Results in Burma's general election so far indicate a major victory for the opposition National League for Democracy. The party, led by Nobel laureate and former political prisoner Aung San Suu Kyi, swept seats in Rangoon, the country's biggest city, and is confident of further victories as millions of votes cast on Sunday get counted.
The election is the latest signpost along Burma's long, fitful journey toward a genuine democracy. Even if Suu Kyi's NLD wins a good majority of seats in the country's parliament, it will have to contend with a bloc of lawmakers hand-picked by the military who will occupy a quarter of the assembly's seats.
For good reason, even with victory in sight, Suu Kyi cautioned supporters to wait for the final tally, which may take a few more days to emerge. They know from bitter experience what it feels like to have a democratic triumph cruelly turned into a defeat.
The last time her party stood poised to clinch a dramatic electoral landslide, the result was nullified. In May 1990, Burma, also known as Myanmar, staged a general election, a vote that came in the wake of a dramatic pro-democracy uprising in 1988 that saw Suu Kyi emerge as a leader of those opposed to the country's military rule.
In a context of martial law and extensive political repression, 93 parties contested the election. Suu Kyi, detained by authorities in 1989, was already under house arrest. Surprisingly, the vote itself was not manipulated. Turnout of 72 percent saw the NLD pick up about 60 percent of the vote — a mandate large enough to give the party control over 80 percent of Burma's legislature.
But the ruling junta, known as the State Law and Order Restoration Council, did not hand over power to the people. Instead, it cracked down further on its opponents.
My colleague William Branigin journeyed to Burma five months after the May election and reported on the mood of fear at the time, which included the stifling of certain Buddhist monasteries that were hotbeds for dissent.
Contributing to the atmosphere is the Orwellian quality of many of the junta's actions and pronouncements. Large red billboards around Mandalay and Yangon proclaim slogans in Burmese and English such as "Crush All Destructive Elements" and "Observance of Discipline Leads to Safety." One, across the street from the U.S. Embassy, reads "Down With Minions of Colonialism."
In an account of raids against six Mandalay monasteries Oct. 24, the official radio said the monks in charge "were full of smiles, happily permitting the searches because they were encouraged by the efforts being made through the use of power to purify the religion."
"We are helpless without arms," an elderly Buddhist abbot told The Post then. An office worker from Rangoon lamented: "We're just like slaves right now. People just hate this government."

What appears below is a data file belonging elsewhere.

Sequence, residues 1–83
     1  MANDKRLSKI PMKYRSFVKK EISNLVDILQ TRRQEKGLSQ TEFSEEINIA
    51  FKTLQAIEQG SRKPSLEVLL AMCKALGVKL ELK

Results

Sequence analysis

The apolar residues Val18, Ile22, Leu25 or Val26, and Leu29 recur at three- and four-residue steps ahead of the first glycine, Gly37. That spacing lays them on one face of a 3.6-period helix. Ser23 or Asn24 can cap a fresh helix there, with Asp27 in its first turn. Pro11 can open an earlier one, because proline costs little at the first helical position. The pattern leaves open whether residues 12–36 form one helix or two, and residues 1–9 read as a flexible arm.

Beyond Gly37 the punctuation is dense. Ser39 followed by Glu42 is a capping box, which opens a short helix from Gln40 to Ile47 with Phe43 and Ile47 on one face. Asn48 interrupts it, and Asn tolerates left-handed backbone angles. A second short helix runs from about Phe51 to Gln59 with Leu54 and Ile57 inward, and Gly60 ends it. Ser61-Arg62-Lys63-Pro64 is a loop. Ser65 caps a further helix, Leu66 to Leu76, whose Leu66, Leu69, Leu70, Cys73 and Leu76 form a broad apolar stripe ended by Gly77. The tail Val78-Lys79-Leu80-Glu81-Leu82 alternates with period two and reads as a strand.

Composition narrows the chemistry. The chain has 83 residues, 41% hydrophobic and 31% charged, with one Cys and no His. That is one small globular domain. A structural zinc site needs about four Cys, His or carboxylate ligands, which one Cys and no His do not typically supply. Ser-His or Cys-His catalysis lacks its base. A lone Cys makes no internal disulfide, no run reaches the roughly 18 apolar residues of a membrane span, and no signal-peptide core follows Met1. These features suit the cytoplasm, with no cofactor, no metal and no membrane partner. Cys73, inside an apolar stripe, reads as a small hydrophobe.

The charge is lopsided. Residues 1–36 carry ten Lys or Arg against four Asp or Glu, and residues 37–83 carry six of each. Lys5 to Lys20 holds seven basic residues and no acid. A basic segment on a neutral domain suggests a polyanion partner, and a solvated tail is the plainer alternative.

In the city of Mandalay, famed for its myriad pagodas, Branigin was briefly detained as he investigated the crackdown on opposition monks. He painted the scene of a pariah state's long isolation:
Today this former British colony seems a drab and fearful place, dominated by a junta that appears bent on stamping out even token opposition and whose foreign policy is based essentially on isolationism and xenophobia. In many respects it is a country forgotten by time. Although limited economic reforms have allowed slight modernizations in recent years, buses whose design predates World War II still wheeze down the streets, and weeds and shrubs grow out of crevices in the capital's decaying British colonial buildings.
"The winds of change are blowing everywhere but in Burma," a senior Western diplomat told Branigin. "It is absolutely certain that [the junta] will never, ever allow the [NLD] to take over. There will be no free elections anymore in Burma."
Of course, a lot has changed since then. Suu Kyi was released from house arrest in 2010 and is now once more the country's most visible and well-known politician. In 2012, she was able to travel to Oslo and accept the Nobel Peace Prize, awarded to her in absentia in 1991. Foreign investment, particularly from countries such as China and India, has flooded in. The U.S. and other Western governments have cautiously welcomed Burma's steps toward political reform and democracy.
Yet, as in the past, there are real concerns. It's unclear to what extent the country's secretive military will accept an NLD victory. Because of her supposed foreign connections, including her children's British nationality, Suu Kyi faces legal barriers to taking power. Questions loom over her role in the aftermath of the elections.
From being the standard bearers of dissent and pro-democracy activism, Burma's monks now are more often in the headlines as agents of an ugly, right-wing nationalism that has led to the demonization of minorities, particularly Muslims and the stateless Rohingya people, in the country.
Suu Kyi's NLD may not experience the same brutal fate it met a quarter of a century ago, but much, as then, still hangs in the balance.
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